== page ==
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August 11, 2004

Vegas developer fails to address Virgin Islands casino concerns

Mat Probasco
8/4/2004 11:03 pm 

CHARLOTTE AMALIE, U.S. Virgin Islands - A Las Vegas-based developer failed to address environmental concerns in its application to build a casino-resort near sensitive wetlands, a government regulatory agency has decided.

Golden Resorts did not provide plans for wildlife protection, trash removal, and sewage and drainage controls, according to the Coastal Zone Management Committee's 12-page ruling released late Tuesday.

The committee said it would officially inform the company of its decision this week, giving it 10 days to address the concerns.

Golden Resorts wants to build the $150 million resort about 50 feet from the mangrove-fringed Great Pond on the island of St. Croix.

The pond is home to many rare birds, including herons egrets and the white crown pigeons. The federally protected green and hawksbill sea turtles nest on the nearby beaches.

Environmentalists argue the resort would attract crowds to the normally deserted beaches, potentially destroying turtle nesting grounds and scaring off birds. They also say soil runoff from construction could cause other harm.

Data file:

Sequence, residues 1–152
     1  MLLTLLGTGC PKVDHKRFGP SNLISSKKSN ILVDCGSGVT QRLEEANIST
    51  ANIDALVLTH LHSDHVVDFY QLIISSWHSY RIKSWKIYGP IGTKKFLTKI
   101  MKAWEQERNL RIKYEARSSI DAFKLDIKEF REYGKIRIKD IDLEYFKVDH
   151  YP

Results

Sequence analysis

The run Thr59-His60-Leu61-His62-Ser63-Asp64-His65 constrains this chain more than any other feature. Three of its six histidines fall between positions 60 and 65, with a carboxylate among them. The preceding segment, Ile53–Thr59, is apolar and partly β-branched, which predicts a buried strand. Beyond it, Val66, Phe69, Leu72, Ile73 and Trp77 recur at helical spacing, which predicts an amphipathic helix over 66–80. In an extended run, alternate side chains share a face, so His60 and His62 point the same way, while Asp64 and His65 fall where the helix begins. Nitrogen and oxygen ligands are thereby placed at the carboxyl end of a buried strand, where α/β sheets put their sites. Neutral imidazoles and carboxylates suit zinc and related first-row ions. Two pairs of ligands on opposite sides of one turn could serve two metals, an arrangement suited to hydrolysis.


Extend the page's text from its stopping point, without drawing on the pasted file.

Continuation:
Golden Resorts attorney Kevin Rames countered the 290-acre resort would employ 1,200 people, 80 percent of whom would be from St. Croix, the largest and poorest island in the U.S. Caribbean territory. The 434-room resort would include a casino and golf course.

Rames insisted the resort wouldn't be any more environmentally damaging than the stray dogs, motorcycle riders and fishermen's shacks already around the area.

"The same interest groups who have concern about development don't seem to care about the fishing shacks and feral dogs there," Rames said. "But when you try to put something on the ground to employ people the objections flow fast and they flow heavy."

Golden Resorts has an appeal pending with the Board of Land Use Appeals, arguing it should have been granted the permit by default because the zone management committee failed to rule on its application within 30 days. That deadline passed in February.

The appeals board has agreed to hear the case in September, said Michael Law, the board's legal counselor.

Copyright © 2004 The Reno Gazette-Journal

Posted by afinta at August 11, 2004 12:04 AM